France shrugs off its old habits to increase tourism even furtherI Athena Advisers

15 June 2017

The recently ratified “loi Macron” will see a number of measures put in place before the end of the year. Some of them are designed to boost France’s tourism appeal, even though it is already the most visited country on the planet. Whether you live in France or are just planning on a short stay soon, we list the changes below.

 

What’s the biggest news?

The main disposition of this law is that shops will be open more often on Sundays. 12 times a year is the current target, but shops will probably open 5 times a year initially. International Touristic Zones are to be created, enabling people to shop every Sunday and also during the week until midnight.

 

Other measures include inter-city buses that are able to reach the main French cities and new limits for toll charges. Some legal proceedings are also to be simplified, with notarial charges alleviated and the driving license procedure is to be streamlined.

 

Late night shopping, coming soon to Paris

When visiting France for a weekend many like to add a little shopping time to their itinerary. Until now visitors were only given this opportunity on Saturdays, until 7pm. However you will soon be able to walk down your favorite streets without facing closed windows.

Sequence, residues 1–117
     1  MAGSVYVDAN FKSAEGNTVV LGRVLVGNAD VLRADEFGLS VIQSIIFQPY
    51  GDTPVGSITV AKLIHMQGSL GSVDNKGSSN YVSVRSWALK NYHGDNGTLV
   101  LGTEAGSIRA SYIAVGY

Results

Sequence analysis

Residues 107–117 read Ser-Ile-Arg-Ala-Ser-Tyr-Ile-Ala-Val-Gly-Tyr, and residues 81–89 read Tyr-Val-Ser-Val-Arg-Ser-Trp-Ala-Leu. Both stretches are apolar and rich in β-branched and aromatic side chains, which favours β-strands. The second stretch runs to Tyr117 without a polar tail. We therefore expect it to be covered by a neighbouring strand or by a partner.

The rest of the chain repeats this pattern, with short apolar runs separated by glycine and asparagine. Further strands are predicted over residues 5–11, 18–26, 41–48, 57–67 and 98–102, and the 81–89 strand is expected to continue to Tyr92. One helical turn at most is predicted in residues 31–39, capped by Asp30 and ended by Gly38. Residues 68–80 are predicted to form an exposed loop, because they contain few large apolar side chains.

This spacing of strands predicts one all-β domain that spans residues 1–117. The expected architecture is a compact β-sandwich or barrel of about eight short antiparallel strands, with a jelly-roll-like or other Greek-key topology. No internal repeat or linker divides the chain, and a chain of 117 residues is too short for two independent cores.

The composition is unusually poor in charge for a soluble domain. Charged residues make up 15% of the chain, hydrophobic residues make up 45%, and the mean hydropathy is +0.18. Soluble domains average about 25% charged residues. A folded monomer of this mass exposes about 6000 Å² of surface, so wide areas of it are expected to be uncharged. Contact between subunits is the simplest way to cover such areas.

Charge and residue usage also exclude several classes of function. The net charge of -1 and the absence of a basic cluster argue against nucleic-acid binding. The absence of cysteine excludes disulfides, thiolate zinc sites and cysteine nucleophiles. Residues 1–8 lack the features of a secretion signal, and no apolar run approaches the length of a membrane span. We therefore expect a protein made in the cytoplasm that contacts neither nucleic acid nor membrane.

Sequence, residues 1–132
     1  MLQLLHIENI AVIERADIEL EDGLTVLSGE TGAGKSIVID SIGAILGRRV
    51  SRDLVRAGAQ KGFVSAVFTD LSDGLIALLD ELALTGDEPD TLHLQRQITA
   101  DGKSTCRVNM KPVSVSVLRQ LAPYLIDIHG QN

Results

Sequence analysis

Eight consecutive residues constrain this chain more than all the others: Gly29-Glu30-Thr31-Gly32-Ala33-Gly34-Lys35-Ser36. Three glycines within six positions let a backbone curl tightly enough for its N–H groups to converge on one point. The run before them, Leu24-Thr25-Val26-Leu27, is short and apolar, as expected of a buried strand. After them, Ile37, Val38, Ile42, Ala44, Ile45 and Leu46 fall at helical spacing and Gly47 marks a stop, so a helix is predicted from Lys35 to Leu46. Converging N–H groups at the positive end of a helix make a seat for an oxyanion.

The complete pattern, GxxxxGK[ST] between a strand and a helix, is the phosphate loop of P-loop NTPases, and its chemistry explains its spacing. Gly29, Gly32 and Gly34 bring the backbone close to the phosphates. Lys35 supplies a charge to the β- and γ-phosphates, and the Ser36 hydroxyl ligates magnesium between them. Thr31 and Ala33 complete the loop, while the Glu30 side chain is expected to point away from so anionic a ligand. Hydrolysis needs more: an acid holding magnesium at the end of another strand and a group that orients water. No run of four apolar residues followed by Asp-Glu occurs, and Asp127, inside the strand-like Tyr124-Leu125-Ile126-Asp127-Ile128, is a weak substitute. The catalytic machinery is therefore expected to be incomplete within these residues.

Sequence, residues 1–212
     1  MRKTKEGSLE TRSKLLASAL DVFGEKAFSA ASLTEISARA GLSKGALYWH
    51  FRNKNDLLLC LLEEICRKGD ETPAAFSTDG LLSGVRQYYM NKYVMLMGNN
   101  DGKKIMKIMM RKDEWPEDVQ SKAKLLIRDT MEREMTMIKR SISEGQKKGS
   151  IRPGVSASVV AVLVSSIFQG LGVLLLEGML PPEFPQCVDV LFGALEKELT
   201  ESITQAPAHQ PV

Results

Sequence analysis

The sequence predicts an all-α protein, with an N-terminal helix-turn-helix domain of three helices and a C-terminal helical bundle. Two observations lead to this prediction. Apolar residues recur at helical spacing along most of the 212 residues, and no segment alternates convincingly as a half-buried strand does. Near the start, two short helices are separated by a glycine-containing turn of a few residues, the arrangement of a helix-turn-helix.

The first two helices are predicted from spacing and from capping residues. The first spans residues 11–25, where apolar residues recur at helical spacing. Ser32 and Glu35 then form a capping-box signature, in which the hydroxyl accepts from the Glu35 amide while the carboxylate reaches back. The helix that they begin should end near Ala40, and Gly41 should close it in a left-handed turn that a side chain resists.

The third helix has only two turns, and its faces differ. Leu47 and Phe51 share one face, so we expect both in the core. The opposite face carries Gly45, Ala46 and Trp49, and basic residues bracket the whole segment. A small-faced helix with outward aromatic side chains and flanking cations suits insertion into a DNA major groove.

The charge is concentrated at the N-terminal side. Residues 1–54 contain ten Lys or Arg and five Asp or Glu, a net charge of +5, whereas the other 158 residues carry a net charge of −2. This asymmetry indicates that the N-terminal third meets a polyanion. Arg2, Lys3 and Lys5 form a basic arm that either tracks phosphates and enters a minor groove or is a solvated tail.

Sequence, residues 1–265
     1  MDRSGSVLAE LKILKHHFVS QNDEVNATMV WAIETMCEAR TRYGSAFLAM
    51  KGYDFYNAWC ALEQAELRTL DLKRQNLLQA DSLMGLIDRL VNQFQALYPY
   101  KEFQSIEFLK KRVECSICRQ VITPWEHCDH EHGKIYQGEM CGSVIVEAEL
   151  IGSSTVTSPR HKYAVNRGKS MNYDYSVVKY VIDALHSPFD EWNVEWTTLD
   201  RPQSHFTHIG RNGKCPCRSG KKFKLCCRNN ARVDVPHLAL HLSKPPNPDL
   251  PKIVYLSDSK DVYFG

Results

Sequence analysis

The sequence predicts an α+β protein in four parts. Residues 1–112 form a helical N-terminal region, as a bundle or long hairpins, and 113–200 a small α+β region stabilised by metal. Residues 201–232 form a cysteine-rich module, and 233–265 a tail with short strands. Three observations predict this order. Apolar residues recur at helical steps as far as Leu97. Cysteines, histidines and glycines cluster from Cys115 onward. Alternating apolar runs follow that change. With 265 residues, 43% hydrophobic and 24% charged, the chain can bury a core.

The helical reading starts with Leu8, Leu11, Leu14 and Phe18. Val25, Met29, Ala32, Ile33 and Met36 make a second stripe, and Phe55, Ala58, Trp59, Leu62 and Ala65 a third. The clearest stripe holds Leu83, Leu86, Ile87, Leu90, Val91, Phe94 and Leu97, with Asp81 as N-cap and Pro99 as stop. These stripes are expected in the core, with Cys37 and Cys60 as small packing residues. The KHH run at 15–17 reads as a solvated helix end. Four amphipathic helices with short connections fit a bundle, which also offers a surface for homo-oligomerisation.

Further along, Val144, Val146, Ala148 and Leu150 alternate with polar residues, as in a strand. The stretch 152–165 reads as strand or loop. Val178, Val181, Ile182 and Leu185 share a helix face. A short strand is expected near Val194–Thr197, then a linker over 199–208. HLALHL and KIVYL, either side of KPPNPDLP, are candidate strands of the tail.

The International Touristic Zones are located in Paris but also in the South of France (Nice and Cannes). Shops within these districts will be open everyday until midnight. Many train stations also are to be open seven days a week (Gare du Nord, Gare Montparnasse, Gare de Lyon…etc).

 

National French travel to become easier

Transport measures are also being undertaken to make getting around France easier for visitors and residents alike. Generally the plan is to make them more effective and less expensive with the new express train running to from central Paris to Charles de Gaulle Airport in less than 20 minutes.

More coach services for long distance journeys (above 100km) will alleviate train traffic with some 100 new bus lines are to be created. This should increase competition between competing transport modes translating savings to those using the systems. Air France has already felt this new pressure and has started to make enticing offers using its low-cost branch, “Hop!”.

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